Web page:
#JustCurious with Chef Lala Harrison
CHEF LA LA HARRISON grew up in both Richmond and Berkeley and moved to Oakland in her early 20s. She was first inspired to cook spending time around her BFF's mother Patricia Curtan who was a sous chef at Chez Panisse and illustrator of Chez Panisse menus and cookbooks. Later, she attended Laney's culinary program and also worked during school at restaurants like Angela’s Bistro and Brown Sugar Kitchen. In 2012, she worked at the former Flora Restaurant and Bar and worked her way up to sous chef. After six years at Flora, CHEF LA LA ran the social enterprise culinary program at Youth Uprising before being inspired to start her own business that will provide jobs for youth in Oakland. CHEF LA LA is currently working as the Executive Chef at Palmetto Restaurant and runs her own business as Executive Chef and Owner of Jusla Eats.
BFiO: Just curious. What is it like being a Black woman in the food business?
CHEF LA LA: Being a black woman chef in the industry right now is a very humbling experience.
[That being said,] I believe that I’m able to be a mentor, mother, big sister and Chef all at the same time. While creating and teaching is a skill, something that male chefs tend not to have is the maternal instinct and I think it’s very important that we have women chefs that are able to provide that sensitive aspect of the business yet remain tough when necessary.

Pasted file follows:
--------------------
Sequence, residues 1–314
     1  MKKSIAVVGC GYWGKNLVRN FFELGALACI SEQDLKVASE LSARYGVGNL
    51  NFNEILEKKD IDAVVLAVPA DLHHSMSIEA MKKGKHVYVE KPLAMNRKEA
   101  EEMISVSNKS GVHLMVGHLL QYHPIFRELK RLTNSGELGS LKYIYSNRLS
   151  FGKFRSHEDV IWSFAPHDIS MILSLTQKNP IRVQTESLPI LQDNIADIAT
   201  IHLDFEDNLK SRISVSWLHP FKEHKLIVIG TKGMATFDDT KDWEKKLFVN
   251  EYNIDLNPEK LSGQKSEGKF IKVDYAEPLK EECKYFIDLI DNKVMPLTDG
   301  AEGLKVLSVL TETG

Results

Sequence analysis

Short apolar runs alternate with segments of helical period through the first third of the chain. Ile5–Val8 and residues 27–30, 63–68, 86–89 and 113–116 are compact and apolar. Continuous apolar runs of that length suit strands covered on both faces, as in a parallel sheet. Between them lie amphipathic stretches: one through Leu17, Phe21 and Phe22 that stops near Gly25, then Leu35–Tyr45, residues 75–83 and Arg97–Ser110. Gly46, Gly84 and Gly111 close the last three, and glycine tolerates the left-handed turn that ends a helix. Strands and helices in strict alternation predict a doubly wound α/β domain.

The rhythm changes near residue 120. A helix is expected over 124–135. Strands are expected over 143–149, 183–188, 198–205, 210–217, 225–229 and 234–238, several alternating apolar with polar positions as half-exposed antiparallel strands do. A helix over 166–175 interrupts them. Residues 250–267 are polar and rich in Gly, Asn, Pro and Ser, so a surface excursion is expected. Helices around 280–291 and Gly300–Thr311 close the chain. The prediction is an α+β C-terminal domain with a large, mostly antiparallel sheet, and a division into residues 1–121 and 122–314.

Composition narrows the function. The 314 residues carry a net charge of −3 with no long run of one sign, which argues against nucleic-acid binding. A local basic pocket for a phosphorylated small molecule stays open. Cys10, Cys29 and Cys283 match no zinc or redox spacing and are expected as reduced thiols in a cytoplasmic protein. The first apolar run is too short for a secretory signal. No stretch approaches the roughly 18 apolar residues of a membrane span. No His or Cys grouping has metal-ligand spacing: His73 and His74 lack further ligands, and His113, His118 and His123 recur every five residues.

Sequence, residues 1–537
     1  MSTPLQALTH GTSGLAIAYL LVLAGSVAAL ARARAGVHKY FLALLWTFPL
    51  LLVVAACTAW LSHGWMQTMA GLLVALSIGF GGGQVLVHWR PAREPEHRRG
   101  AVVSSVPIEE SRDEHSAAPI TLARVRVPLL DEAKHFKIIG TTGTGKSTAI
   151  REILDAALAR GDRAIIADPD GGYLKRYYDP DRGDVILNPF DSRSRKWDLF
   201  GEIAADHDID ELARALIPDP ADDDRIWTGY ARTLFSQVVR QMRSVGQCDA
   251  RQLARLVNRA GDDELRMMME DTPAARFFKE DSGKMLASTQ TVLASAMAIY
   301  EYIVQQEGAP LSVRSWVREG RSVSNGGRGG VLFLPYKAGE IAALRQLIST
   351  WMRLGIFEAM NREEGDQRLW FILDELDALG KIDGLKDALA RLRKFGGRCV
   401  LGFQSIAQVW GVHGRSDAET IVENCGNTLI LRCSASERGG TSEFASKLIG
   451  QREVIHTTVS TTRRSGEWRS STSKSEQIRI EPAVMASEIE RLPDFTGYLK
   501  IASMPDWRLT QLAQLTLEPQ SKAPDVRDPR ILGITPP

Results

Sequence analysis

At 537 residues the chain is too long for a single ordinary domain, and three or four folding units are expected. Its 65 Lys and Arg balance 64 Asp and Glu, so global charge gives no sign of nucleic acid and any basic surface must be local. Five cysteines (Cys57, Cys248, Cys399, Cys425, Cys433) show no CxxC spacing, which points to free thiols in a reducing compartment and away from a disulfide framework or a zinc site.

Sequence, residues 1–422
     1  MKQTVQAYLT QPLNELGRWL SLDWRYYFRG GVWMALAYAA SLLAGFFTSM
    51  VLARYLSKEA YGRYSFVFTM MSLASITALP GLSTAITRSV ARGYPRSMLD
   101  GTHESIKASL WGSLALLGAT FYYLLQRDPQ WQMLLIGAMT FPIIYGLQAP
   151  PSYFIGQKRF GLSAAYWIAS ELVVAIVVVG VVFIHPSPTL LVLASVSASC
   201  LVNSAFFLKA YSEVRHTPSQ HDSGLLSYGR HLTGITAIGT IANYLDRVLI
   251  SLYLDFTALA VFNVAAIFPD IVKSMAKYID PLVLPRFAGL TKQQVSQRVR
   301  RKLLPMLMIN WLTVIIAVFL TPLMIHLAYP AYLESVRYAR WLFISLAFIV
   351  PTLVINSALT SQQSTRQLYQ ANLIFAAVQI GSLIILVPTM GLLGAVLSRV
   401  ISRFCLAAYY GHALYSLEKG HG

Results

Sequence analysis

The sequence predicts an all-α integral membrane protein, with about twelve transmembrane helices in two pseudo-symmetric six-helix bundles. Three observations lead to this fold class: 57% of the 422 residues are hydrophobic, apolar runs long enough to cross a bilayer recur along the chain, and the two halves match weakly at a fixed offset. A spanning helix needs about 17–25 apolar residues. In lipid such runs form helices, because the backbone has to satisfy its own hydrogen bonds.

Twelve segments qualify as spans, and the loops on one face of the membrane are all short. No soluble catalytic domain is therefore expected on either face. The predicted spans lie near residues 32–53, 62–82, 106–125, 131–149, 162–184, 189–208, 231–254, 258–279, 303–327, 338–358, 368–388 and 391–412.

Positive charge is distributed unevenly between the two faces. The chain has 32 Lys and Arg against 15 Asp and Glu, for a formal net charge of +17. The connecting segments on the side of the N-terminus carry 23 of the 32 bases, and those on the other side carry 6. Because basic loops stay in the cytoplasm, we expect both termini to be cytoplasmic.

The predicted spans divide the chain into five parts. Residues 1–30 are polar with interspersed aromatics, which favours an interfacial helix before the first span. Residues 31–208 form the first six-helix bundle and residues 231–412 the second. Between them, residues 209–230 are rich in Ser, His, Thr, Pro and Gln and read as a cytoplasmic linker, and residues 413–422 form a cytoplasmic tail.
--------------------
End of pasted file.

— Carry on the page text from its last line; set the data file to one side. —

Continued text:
BFiO: What advice would you give to Black female culinary students or self taught cooks about being in the food business?
CHEF LA LA: Keep your head up and keep moving forward. As a female chef there are a lot of people that will try to knock you down but if you stay strong and stand your ground and work hard you’ll be able to achieve and succeed at anything.
BFiO: Name 3 Black women chefs you admire.
CHEF LA LA: Edna Lewis, Carla Hall, Sarah Kirnon.
BFiO: How has COVID impacted your business?
CHEF LA LA: COVID has flipped my business upside down. Originally we were catering and then we moved on to doing meals to go. Currently we are surviving working with World Central Kitchen and a few pop-ups a week; hopefully with the end of COVID we will be able to expand and go back to doing large catering events but also continue to doing pop-ups and feeding the community.
BFiO: What would you be doing if you weren’t a chef?
CHEF LA LA: If I wasn’t a chef right now I would probably be involved in some kind of video production or creating documentaries. I also have a love for photography.
BFiO: What is your signature dish & what is it that you want people to know about this dish?
CHEF LA LA: My Soul Food Burrito.
It’s a burrito with red beans and rice; collard greens; choice of fried chicken, fried catfish, blackened catfish or fried shrimp; green onions; and my house made hot sauce. It’s me taking a little bit of California and mixing it with traditional Southern cuisine. To me, it's one of the future items of Soul Food.